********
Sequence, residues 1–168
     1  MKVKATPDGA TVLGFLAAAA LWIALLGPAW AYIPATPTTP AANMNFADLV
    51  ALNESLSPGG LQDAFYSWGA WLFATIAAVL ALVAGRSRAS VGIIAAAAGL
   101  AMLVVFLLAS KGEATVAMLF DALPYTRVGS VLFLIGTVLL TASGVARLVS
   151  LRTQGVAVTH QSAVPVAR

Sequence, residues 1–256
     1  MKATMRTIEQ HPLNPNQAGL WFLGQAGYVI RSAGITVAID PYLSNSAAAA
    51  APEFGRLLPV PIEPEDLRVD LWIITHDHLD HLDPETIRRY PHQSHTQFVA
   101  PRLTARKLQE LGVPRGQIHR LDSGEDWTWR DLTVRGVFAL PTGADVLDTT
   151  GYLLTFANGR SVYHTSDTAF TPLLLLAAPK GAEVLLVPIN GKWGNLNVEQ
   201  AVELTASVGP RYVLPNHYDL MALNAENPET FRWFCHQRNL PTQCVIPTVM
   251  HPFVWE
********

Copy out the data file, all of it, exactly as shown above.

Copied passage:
Sequence, residues 1–168
     1  MKVKATPDGA TVLGFLAAAA LWIALLGPAW AYIPATPTTP AANMNFADLV
    51  ALNESLSPGG LQDAFYSWGA WLFATIAAVL ALVAGRSRAS VGIIAAAAGL
   101  AMLVVFLLAS KGEATVAMLF DALPYTRVGS VLFLIGTVLL TASGVARLVS
   151  LRTQGVAVTH QSAVPVAR

Sequence, residues 1–256
     1  MKATMRTIEQ HPLNPNQAGL WFLGQAGYVI RSAGITVAID PYLSNSAAAA
    51  APEFGRLLPV PIEPEDLRVD LWIITHDHLD HLDPETIRRY PHQSHTQFVA
   101  PRLTARKLQE LGVPRGQIHR LDSGEDWTWR DLTVRGVFAL PTGADVLDTT
   151  GYLLTFANGR SVYHTSDTAF TPLLLLAAPK GAEVLLVPIN GKWGNLNVEQ
   201  AVELTASVGP RYVLPNHYDL MALNAENPET FRWFCHQRNL PTQCVIPTVM
   251  HPFVWE